Sharing the breastfeeding journey - Co-Nursing and Induced Lactation

Have you heard of co-nursing or induced lactation? It's a process where more than one mother can be part of the breastfeeding experience! Whether you're wanting to co-nurse or induce lactation or are simply curious about it, read here for tips from Medela’s Lactation Consultant for how to make the experience enjoyable and safe.

Did you know that a woman doesn’t need to give birth to a baby to be able to breastfeed? Many mums who adopt or are in a same-sex relationship, where they are a non-gestational parent, can successfully induce lactation. With all the benefits of breastfeeding, along with the unique bond formed between mum and baby, it's no wonder that co-nursing and induced lactation is an option that mums may find appealing. [1]

A little bit of history on the evolution of breastfeeding

Did you know that for centuries, women who have given birth may have juggled breastfeeding their own, biological child as well as 'wet-nursing' (breastfeeding anothers' child) which has dated back as early as 2000 BC?[2]. It became so popular that, in some countries, there were actual contracts drawn up for wet-nurses to ensure that it was a regulated practice! [3]

While 'wet-nursing' was born out of necessity, for reasons including mother failing to establish lactation, a mother dying during birth, the reasons for breastfeeding today have now evolved into being a choice for women.[4]

Benefits of breastfeeding for same-sex couples and non-gestational parents

With all the amazing discoveries of the benefits of breastfeeding for both women and baby, there is now the science, medicine, and support to enable mums to breastfeed without having ever been pregnant or given birth.

There are loads of benefits for a woman to breastfeed such as lowering their risk of heart disease, diabetes, ovarian cancer as well as helping to get rid of that extra weight gained during pregnancy. No wonder mums want to be part of the breastfeeding journey!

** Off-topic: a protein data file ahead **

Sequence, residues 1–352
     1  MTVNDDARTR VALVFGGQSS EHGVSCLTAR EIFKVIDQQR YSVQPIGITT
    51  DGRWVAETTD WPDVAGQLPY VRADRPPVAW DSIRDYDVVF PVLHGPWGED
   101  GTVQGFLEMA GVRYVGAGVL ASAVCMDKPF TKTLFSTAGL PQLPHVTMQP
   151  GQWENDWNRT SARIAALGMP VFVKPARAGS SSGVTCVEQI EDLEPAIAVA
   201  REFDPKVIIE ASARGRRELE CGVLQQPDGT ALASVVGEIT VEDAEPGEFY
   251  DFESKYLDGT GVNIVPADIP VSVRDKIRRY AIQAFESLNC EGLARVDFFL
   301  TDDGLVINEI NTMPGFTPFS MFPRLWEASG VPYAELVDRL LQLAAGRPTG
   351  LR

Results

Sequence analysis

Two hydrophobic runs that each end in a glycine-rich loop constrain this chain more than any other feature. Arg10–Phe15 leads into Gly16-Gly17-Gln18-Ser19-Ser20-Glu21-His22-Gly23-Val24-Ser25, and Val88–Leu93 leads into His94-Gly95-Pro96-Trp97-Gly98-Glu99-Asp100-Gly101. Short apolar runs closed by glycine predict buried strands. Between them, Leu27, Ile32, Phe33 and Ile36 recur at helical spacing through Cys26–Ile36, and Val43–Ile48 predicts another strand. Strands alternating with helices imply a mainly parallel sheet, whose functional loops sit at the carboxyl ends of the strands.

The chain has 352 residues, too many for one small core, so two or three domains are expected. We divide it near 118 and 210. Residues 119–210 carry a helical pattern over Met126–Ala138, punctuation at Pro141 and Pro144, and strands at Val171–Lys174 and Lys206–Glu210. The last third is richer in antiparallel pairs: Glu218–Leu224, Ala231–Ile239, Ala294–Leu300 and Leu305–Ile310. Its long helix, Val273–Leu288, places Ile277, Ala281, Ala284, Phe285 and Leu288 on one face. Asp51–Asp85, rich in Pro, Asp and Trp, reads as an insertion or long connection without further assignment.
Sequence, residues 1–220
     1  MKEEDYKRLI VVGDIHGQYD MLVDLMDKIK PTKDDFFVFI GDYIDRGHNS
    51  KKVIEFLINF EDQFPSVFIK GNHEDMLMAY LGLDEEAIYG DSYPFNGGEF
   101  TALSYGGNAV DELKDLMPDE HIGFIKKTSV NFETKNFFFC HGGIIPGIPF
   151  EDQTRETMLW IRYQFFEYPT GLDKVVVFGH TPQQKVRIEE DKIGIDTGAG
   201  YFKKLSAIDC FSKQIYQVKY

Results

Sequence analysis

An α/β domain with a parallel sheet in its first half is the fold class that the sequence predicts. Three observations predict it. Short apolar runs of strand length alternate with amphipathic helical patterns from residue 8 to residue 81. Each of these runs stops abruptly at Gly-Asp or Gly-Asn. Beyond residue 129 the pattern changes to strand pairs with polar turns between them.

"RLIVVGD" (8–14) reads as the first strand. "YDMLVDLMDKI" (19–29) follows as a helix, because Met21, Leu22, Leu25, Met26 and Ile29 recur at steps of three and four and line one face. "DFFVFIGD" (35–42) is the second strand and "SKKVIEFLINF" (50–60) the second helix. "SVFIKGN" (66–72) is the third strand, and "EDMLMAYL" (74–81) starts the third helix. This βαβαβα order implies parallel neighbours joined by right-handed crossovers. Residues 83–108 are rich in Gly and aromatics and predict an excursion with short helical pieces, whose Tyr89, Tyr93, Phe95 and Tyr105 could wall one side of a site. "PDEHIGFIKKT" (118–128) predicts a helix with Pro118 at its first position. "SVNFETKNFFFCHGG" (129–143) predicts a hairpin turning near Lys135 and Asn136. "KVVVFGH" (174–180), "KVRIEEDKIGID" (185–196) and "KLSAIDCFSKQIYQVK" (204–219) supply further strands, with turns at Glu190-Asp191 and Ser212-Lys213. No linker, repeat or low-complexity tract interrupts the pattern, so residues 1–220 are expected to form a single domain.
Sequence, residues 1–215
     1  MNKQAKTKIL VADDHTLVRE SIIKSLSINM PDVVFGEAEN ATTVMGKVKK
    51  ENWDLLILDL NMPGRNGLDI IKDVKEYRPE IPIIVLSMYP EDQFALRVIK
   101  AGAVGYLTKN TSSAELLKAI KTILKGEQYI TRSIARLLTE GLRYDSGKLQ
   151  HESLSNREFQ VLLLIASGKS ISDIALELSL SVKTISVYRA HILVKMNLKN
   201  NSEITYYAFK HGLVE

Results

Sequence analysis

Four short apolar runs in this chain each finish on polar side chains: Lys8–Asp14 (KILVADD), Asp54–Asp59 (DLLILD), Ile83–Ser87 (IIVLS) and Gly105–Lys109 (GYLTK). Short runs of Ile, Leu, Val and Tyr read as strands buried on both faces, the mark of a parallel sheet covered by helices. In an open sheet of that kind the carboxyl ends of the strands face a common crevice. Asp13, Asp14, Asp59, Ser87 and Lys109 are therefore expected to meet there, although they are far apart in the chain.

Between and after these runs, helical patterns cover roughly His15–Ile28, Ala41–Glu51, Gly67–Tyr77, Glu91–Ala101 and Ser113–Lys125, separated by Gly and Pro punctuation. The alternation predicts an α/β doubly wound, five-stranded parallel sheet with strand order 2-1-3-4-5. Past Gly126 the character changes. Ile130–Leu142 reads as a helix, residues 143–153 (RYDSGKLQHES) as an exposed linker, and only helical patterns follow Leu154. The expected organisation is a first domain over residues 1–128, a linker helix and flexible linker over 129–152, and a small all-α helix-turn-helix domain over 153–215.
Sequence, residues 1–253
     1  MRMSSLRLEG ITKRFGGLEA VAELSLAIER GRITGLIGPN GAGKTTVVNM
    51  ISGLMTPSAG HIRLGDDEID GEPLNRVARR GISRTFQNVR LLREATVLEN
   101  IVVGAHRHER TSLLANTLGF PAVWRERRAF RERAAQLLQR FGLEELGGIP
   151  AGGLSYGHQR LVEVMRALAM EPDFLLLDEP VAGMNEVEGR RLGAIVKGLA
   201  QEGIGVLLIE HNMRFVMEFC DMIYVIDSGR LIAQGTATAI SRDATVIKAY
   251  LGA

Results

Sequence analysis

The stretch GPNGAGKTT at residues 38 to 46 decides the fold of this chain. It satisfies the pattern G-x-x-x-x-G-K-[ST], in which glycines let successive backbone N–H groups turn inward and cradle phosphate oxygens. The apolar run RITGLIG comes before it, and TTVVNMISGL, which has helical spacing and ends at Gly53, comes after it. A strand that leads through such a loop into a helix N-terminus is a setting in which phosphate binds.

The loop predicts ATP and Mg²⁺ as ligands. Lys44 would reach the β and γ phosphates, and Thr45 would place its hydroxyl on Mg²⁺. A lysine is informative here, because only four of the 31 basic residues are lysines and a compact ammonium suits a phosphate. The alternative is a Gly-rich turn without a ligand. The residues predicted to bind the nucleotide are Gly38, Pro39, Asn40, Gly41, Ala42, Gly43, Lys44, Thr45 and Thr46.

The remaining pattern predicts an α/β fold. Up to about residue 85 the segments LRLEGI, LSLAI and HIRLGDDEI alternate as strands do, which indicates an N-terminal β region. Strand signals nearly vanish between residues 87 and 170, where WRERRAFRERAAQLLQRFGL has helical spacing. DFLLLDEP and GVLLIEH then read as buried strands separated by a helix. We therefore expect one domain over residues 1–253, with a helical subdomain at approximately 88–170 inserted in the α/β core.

Tips for inducing lactation

  • Reach out to your doctor, midwife, or a lactation consultant. They can help you build a personalised plan based on your goals, connect you to resources, and provide important expert guidance. For some women, your healthcare provider may discuss the option of taking hormones that imitate the hormone levels of pregnancy. These medications are stopped after a short while, tricking the body into sensing that a baby has been born (and thus producing breast milk). [5]
  • It is advisable for the gestational mother to establish a full milk supply before the other mother assists with breastfeeding. This ensures that the gestational mother's milk supply won't be affected or reduced by sharing breastfeeding.
  • Approximately 2 months before the date the baby is expected to join your family, introducing a routine of stimulus and expression for your breasts can help with milk production.[6]

Getting support for co-nursing or inducing lactation

With this in mind, there are some important factors you may want to consider and discuss with your partner, with the help of your Healthcare Professional or International Board-Certified Lactation Consultant (IBCLC).

If co-nursing or induced lactation is something you or your partner would like to try, always consult with your Healthcare Professional and/or International Board-Certified Lactation Consultant (IBCLC) for a tailored plan and support throughout this process.

To find an International Board Certified Lactation Consultant (IBCLC) near you, visit




[1] Medela USA breastfeeding blog, Co-Nursing: How Two Moms Can Breastfeed Baby,, date accessed 5th March 2020.

[2] Stevens, E. E., Patrick, T. E., & Pickler, R. (2009). A history of infant feeding. The Journal of perinatal education18(2), 32–39.

[3] ibid

[4] ibid

[5] Medela USA breastfeeding blog, Induced Lactation and Adoptive Breastfeeding,, date accessed 5th March 2020.

[6] ibid